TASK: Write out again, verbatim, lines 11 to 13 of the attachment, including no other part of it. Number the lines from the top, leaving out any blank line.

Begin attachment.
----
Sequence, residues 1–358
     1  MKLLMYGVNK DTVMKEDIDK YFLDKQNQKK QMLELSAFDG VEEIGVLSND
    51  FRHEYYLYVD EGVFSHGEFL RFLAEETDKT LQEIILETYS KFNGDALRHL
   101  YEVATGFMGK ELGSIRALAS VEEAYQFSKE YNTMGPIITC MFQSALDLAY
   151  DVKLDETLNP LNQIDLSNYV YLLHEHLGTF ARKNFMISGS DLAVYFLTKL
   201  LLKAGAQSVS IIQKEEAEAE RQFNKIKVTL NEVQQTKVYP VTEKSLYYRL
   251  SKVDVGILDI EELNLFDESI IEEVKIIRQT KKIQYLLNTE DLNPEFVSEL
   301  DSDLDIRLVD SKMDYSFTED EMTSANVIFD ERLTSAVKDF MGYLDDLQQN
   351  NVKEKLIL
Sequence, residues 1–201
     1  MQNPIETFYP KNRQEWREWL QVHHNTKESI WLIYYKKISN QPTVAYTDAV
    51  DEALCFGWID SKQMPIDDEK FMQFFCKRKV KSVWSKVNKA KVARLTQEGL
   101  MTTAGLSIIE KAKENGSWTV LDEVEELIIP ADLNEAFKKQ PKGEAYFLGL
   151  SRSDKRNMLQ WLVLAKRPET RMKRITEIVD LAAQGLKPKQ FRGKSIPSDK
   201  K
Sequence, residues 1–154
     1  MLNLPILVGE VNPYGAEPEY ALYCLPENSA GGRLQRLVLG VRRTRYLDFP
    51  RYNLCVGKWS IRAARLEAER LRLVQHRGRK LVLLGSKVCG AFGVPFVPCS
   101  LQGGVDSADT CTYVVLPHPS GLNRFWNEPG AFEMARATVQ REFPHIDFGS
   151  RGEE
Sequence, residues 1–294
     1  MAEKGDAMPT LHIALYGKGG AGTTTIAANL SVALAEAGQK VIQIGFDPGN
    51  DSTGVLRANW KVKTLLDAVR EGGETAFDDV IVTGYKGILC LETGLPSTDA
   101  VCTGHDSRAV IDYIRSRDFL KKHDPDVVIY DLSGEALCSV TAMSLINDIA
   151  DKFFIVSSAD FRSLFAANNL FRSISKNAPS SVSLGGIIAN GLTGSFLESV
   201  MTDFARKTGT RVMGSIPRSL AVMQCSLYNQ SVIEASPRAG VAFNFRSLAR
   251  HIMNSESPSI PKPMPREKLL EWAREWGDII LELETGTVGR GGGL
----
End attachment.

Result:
     1  MQNPIETFYP KNRQEWREWL QVHHNTKESI WLIYYKKISN QPTVAYTDAV
    51  DEALCFGWID SKQMPIDDEK FMQFFCKRKV KSVWSKVNKA KVARLTQEGL
   101  MTTAGLSIIE KAKENGSWTV LDEVEELIIP ADLNEAFKKQ PKGEAYFLGL